Lychee and Raspberry Popsicles - Eat Cho Food
Lychee and Raspberry Popsicles - Eat Cho Food

The very first popsicle I ever made was in the early 90s, when I was a walking bowl cut on a stick. Here is the exact recipe I followed...

  1. Pour 1 can of Sunkist Orange Soda into a ice cube tray.

  2. Cover the ice cube tray with plastic wrap and stick a toothpick into each ice cube.

  3. Freeze until solid.

  4. Enjoy while watching Pokemon with your brother.

Gosh, I loved those orange soda popsicles. I was always an orange soda kid. Grape soda was and still is disgusting. I’m not sure if I saw a kid on public access tv make them or if it was a pre-Eat Cho Food original creation. Childhood summers were so blissfully simple. My brother and I would spend our summer days at the restaurant when we were little, watching TV, flying kites in the back parking lot with my grandpa, making play dough characters, and roller blading in the dining room if there weren’t any customers around. When we got a little older we were able to stay home by ourselves. We still watched a lot of TV, made snacks, played with our backyard neighborhood friends, and made up silly game to entertain ourselves. Oh and we consumed lots of popsicles, Rita’s Ice, Mitchell’s Ice Cream, and Apple Cart soft serve! I’m going home again in August and I’m sooooo looking forward to it actually feeling like summer and eating all the ice cream.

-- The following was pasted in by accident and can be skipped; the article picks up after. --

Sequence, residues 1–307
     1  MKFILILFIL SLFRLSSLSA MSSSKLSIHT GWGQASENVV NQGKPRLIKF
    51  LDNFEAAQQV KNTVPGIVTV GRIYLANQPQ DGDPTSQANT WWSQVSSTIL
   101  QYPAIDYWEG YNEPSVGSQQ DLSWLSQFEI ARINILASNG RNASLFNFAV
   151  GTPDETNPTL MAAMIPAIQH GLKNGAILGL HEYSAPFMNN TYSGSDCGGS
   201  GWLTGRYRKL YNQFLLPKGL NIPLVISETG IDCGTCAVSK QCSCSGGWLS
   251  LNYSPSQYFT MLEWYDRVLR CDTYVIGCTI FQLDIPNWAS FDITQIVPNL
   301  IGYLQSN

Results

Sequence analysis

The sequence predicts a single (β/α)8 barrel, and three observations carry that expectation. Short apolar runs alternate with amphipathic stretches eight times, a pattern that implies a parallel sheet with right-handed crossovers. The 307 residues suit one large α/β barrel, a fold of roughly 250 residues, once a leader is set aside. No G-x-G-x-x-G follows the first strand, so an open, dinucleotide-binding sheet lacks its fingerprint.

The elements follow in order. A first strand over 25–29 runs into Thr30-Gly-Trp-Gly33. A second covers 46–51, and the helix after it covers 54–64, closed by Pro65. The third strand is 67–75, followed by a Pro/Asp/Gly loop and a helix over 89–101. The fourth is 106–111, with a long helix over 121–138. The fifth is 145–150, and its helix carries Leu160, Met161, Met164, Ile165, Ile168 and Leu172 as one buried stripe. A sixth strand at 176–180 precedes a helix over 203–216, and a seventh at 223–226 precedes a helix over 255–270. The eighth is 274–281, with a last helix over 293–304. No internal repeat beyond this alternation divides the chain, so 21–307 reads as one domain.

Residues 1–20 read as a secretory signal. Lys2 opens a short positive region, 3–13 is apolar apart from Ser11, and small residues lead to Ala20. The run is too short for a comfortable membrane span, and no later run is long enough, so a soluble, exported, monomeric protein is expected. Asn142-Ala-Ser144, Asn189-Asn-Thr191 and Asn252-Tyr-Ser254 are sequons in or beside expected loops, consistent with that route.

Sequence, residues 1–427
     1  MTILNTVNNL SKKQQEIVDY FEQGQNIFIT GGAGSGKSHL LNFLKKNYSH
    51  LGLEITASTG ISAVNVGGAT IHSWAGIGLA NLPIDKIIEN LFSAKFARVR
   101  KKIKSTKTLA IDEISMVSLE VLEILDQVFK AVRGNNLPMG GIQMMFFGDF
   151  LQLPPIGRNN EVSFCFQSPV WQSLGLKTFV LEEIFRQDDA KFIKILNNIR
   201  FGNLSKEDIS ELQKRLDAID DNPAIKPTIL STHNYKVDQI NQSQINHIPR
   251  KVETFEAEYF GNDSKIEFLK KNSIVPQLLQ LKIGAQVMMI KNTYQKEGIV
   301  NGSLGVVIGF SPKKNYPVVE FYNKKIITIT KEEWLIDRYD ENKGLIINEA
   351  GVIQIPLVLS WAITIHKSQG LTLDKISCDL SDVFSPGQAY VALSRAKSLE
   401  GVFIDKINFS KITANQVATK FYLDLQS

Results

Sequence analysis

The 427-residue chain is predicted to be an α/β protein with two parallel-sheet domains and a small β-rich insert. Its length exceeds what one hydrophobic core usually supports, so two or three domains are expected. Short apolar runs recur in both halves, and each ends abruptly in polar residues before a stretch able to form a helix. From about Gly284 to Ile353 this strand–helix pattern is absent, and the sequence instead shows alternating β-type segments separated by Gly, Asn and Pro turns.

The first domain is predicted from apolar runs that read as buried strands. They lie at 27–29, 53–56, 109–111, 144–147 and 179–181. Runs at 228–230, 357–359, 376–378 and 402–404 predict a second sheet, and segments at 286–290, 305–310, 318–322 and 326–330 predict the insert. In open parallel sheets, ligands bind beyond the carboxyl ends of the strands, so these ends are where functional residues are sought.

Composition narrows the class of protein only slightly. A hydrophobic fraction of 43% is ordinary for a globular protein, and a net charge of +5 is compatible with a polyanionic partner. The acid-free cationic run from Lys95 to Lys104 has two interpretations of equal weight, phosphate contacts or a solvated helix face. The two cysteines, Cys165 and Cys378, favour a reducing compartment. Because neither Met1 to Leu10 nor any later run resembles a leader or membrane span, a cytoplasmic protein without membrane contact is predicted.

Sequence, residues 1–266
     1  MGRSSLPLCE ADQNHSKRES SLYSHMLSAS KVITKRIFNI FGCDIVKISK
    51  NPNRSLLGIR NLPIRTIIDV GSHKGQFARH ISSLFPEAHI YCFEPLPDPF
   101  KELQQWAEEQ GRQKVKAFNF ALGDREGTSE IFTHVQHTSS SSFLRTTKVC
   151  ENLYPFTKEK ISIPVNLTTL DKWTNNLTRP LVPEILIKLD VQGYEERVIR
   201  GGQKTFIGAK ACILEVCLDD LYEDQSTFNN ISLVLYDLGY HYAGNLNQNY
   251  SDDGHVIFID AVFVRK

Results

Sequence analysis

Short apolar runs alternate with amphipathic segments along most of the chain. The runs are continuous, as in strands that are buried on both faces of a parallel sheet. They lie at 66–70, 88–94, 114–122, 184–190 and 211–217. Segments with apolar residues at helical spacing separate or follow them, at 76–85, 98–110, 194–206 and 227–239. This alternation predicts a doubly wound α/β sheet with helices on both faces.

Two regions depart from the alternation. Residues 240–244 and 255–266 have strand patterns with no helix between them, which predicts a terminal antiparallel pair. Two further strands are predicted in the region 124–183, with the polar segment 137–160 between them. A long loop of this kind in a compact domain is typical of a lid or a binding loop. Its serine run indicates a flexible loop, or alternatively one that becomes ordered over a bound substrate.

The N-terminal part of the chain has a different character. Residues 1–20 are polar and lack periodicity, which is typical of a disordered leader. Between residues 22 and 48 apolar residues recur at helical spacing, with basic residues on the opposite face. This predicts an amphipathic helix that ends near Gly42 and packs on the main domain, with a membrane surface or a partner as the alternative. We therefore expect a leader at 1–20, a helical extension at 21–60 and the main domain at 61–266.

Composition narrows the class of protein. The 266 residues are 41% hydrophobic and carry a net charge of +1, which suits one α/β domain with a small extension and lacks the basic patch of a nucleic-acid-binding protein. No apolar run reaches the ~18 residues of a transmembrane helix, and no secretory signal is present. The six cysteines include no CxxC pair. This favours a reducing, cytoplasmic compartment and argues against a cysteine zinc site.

In the meantime SF it is a consistent 65 degrees, which is that weird in between weather where it’s chilly enough to enjoy a bowl of noodle soup but also warm enough to have a popsicle in the afternoon. It’s sort of like my current outfit of shorts and a pullover sweater. I didn’t say I was a fashion blogger…

ANYWAYS. I like knowing that I have these frozen treats waiting for me in the freezer just in case a 100+ degree day pops back up again! Similar to my orange soda popsicles, these Lychee and Raspberry Popsicles are incredibly easy to make. I trust that my 6 year old self would have been able to make these! I just might have needed the help from a trusted adult to open the can of lychees.